RICHMOND, Ind. — Thomas Alverson stood in his yard Wednesday afternoon as heavy grey smoke reeking of chemicals and plastic billowed onto his property.
Alverson’s home stood on the edge of a half-mile evacuation zone set up by Richmond city officials Tuesday afternoon following a massive industrial fire. The blaze engulfed two buildings on a nearly 14-acre property containing piles of chipped, shredded and bulk recycled plastic, along with other unknown materials.
The plume pouring from the property could be seen for more than 15 miles away drifting across the empty fields of Wayne County in east central Indiana near the Ohio border.
Despite the choking fumes, Alverson didn’t plan to leave his home located just blocks from the site, which sits in the middle of a residential neighborhood near the city’s downtown.
“I’m watching my lungs,” the 55-year-old construction worker said. “I had cancer, so I know when I start feeling different in my lungs to get out.”
Up to 2,000 residents have been displaced by the blaze, which was reported at 2:40 p.m. Tuesday and quickly led to toxic smoke pouring from the warehouses owned by a former company called My Way Trading.
Terry Snyder Jr. and his parents were some of those people forced to evacuate. They spent Tuesday night sleeping in the gym of Oak Park Pentecostal Church, which housed an emergency shelter for those with nowhere else to go.
Sitting inside the gym by a table full of pizzas and drinks, Snyder recalled seeing the smoke plume after stepping outside of his house located almost directly beside the industrial site.
“I was like, ‘What the hell?’” said the 19-year-old Richmond native. “Then the adrenaline just took over.”
Snyder ran to homes where he knew elderly residents lived to make sure they were okay before police and EMA workers arrived on scene to evacuate the neighborhood.
Inside the gym, Snyder’s mom, Wendy, who has asthma, suffered a coughing fit she attributed to breathing in the smoke. His father, Terry Snyder Sr., has chronic obstructive pulmonary disease and said the plume also aggravated his condition.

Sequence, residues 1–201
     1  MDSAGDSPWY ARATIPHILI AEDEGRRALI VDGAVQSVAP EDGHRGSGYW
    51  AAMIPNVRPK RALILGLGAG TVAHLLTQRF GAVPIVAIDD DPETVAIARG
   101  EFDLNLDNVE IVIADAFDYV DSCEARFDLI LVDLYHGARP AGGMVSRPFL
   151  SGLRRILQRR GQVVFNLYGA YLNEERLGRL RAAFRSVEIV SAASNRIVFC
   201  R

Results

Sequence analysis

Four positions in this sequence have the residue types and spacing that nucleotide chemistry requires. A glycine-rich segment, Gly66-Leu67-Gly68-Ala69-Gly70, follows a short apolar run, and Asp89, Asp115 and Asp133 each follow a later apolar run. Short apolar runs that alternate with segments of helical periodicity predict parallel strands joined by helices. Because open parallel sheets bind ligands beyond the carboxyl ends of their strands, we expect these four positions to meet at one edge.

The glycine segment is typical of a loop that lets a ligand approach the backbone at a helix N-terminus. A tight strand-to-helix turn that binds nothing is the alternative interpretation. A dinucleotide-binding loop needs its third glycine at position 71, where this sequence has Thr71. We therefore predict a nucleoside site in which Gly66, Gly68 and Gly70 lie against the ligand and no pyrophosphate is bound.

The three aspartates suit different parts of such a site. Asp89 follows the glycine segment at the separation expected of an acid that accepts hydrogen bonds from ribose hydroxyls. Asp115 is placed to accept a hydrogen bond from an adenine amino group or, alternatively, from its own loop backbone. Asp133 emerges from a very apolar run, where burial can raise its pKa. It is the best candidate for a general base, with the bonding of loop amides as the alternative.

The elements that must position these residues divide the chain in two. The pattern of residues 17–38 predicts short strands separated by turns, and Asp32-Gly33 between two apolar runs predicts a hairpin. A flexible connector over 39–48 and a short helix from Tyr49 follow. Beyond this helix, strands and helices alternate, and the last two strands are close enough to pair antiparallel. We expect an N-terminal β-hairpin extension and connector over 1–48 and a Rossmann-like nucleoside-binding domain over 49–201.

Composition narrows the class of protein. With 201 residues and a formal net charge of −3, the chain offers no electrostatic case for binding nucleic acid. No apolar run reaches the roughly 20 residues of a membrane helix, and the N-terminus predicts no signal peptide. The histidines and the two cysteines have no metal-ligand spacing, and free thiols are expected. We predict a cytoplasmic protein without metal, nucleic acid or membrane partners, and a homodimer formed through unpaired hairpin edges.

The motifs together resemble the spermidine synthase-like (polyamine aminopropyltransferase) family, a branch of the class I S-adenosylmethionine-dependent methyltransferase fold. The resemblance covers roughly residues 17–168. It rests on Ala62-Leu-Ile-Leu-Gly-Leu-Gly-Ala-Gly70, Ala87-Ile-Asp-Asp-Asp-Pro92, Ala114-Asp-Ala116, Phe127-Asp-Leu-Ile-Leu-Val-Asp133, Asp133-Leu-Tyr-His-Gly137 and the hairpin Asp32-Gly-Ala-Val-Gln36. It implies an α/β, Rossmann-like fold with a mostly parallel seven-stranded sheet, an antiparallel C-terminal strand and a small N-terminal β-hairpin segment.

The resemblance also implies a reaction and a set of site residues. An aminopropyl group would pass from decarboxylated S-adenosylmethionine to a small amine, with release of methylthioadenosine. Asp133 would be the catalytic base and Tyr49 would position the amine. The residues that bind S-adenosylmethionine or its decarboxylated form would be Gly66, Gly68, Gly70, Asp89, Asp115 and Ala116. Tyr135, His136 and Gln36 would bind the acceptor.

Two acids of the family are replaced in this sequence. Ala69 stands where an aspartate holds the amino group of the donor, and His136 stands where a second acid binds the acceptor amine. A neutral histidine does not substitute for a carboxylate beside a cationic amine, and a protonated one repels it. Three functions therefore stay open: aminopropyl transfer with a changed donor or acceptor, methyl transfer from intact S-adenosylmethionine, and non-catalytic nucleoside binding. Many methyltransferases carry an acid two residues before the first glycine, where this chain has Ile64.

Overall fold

It’s residents like the Snyders that local health officials worry will suffer the worst health affects from the smoke. That’s why city officials continue to urge residents to stay away from the fire zone and out of the evacuation areas, according to Wayne County Health Department Director Christine Stinson.
“It is for your safety that the evacuation zone is there,” she said during a press conference Wednesday morning. “If you’re in the smoke, if you can see the smoke, get out of the smoke.”
As the fire cooled Wednesday afternoon, the plume drifted lower and lower as it rolled east across the city, darkening some city streets in dark smoke. Miles away, the cloud was clearly visible floating near Reid Health Hospital.
That smoke cloud will likely continue for days as fire crews continue to work to fully extinguish the acres of smoldering plastic, which often flares up and is difficult to manage, according to David Hosick, director of public affairs for the Indiana Department of Homeland Security.
That smoke has made it impossible for fire investigators to safely access the site to determine how the blaze started, and it could still be days before that happens, he explained.
“They’re very concerned about making sure that it’s to a level that’s safe enough to start doing some investigation,” Hosick said.
Rubbish and plastic only allowed crews one entry point into the buildings on Tuesday, but excavators were on site Wednesday to clear away debris to allow firefighters to get closer to the heart of the blaze, noted Richmond Fire Chief Tim Brown.
Still, crews successfully stopped the fire from spreading beyond the property and into the residential neighborhood surrounding it.
“We combated the winds and the intensity of the flames,” Brown said during Wednesday’s press conference. “Our efforts were successful. The fire did not get into residential areas.”
Richmond Mayor Dave Snow said the former plastic warehousing site was a known fire hazard and city officials worked for years to force the owner to clean up the property. That included the city buying a small parcel on the lot in a tax sale as part of an effort to accelerate the cleanup, he said.
Following the blaze, Snow placed the blame squarely on the property owner for failing to take action despite orders from the city. He said an investigator had already contacted the owner about the fire.
“Everything that’s ensued here – the fire and damages and the risks that our first responders have taken and the risks our citizens are under – are the responsibility of that negligent business owner,” Snow said.
Investigators with the Environmental Protection Agency haven’t found any toxic compounds in the plume beyond hazardous particles normally found in fire smoke, according to Jason Sewell, the EPA’s onsite coordinator.
Still, those dangerous smoke particles have been found in the air in New Paris, Ohio, located about seven miles east of the fire. Crews will conduct roving air monitoring tests 24-7 and could install permanent testing equipment in the coming days, Sewell explained.
“That will be as important for us to continue monitoring as the fire is extinguished as it was at the peak of the fire,” he said.
But for Snyder, who’s staying at the emergency shelter with his parents, his main concern is getting out of the church gym, where he’s sleeping on a cot, and back into his own bed.
“I’m hoping they can get it controlled here sooner than later so we don’t have to stay here for very long and can head back home,” he said.